“BREAKING: Gov. Sarah Palin Sends Letter to Crown/Random House, Warns Not to Destroy Documents Ahead of Potential Defamation Suit,” Big Government reports, along with video from ABC reporting the story, with just a hint of ruling class smirk.
Update: Stacy McCain adds:
A publisher is put on notice by such a letter that the lawyer’s client considers himself the victim of libel. Notice of intent is required for several reasons. In the newspaper business, if somebody calls your office and bitches about a story, OK. But the minute they say “lawsuit” or “lawyer,” you end the conversation and refer them to the newspaper’s attorney. If the complainer is actually serious about libel suit, their lawyer sends a demand letter, and the newspaper’s attorney then considers whether the complainer has a case. If the lawyer says retract, you retract.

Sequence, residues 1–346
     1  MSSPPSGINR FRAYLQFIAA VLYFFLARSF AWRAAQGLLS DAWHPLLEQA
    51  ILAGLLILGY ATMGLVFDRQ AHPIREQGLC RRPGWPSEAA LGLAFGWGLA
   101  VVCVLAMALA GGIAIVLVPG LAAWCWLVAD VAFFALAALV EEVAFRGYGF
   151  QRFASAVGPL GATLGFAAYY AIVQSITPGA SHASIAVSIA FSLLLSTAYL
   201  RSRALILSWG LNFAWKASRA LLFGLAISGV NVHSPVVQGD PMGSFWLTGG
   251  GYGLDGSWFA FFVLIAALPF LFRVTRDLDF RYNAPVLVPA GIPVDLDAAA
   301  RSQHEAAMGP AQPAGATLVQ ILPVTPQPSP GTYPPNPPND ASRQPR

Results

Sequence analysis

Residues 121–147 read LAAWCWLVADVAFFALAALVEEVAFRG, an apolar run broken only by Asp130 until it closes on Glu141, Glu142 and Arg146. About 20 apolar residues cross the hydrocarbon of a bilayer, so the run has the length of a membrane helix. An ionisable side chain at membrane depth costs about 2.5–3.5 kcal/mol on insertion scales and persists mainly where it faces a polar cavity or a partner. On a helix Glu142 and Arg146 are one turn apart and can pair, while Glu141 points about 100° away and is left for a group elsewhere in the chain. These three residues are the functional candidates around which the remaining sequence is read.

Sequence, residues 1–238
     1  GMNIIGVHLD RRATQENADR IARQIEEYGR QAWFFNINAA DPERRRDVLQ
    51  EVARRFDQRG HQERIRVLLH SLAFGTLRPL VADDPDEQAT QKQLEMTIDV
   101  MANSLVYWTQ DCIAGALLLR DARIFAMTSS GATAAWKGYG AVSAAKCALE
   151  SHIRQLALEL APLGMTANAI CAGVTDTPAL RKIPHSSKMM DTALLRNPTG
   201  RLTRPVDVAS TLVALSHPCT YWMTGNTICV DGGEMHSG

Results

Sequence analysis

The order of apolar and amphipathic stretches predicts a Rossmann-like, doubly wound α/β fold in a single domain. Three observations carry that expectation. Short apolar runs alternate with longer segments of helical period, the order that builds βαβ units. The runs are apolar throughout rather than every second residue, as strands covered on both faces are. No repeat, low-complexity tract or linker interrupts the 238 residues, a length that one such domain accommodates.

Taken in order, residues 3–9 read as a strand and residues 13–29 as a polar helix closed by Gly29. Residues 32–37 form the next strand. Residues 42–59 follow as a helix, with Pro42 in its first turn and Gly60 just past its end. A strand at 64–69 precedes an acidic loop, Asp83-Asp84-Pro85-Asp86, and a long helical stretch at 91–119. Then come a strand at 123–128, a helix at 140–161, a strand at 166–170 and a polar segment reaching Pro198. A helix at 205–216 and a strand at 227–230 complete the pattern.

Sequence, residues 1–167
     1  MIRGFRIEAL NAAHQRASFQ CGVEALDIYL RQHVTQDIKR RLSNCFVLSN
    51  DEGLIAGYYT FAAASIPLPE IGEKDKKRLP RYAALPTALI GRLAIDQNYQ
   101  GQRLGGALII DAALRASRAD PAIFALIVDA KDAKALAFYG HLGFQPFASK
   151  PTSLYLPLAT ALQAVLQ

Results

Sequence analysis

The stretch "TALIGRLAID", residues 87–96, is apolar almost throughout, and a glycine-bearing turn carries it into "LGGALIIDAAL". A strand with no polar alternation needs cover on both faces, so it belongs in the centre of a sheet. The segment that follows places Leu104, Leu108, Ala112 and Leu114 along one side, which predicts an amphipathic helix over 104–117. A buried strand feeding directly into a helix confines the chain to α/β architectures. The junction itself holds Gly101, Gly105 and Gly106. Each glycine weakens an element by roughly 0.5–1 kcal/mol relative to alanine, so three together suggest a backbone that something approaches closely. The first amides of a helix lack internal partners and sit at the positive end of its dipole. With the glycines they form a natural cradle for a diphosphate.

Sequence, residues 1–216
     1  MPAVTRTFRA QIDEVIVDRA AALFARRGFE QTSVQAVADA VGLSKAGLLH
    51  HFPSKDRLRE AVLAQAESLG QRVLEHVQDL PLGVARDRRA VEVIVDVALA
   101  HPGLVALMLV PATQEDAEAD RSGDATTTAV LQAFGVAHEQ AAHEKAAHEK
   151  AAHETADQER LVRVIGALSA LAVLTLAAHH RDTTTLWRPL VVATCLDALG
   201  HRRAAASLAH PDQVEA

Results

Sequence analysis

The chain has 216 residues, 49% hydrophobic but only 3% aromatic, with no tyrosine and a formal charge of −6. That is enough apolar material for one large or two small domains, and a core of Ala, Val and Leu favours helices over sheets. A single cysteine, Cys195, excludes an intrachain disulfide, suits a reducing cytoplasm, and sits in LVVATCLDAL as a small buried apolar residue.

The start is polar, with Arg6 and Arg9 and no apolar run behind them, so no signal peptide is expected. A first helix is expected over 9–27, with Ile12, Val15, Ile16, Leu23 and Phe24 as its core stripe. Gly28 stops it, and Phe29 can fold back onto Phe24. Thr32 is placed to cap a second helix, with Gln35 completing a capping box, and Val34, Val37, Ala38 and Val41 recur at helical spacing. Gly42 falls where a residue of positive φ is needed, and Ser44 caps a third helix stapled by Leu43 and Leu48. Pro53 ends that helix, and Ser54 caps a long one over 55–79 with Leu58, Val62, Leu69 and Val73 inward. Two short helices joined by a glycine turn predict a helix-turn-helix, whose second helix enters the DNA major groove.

Printing a retraction is a humiliating thing for a newspaper to do, but it’s cheaper than taking a libel suit to court. Retracting a book is not so easy, which is why book publishers have lawyers on retainer whose job is to vet manuscripts like McGinniss’s.
For many years, it has been part of my business to know the difference between the mere threat of a libel suit – threats are a dime a dozen — and such letters as Tiemessen has sent Random House. This is not a “threat,” and the executives at Random House damn well know it. They clearly failed to perform “due diligence” in fact-checking, and no cleverness in attributing lies to anonymous sources can protect them.
Even before Palin’s announcement to Random House, as Joe Pollak writes at Big Journalism, “NPR, MSNBC, Current TV Fleeing From Anti-Palin Random House Hoax Bio; McGinnis Claims Cover-Up.”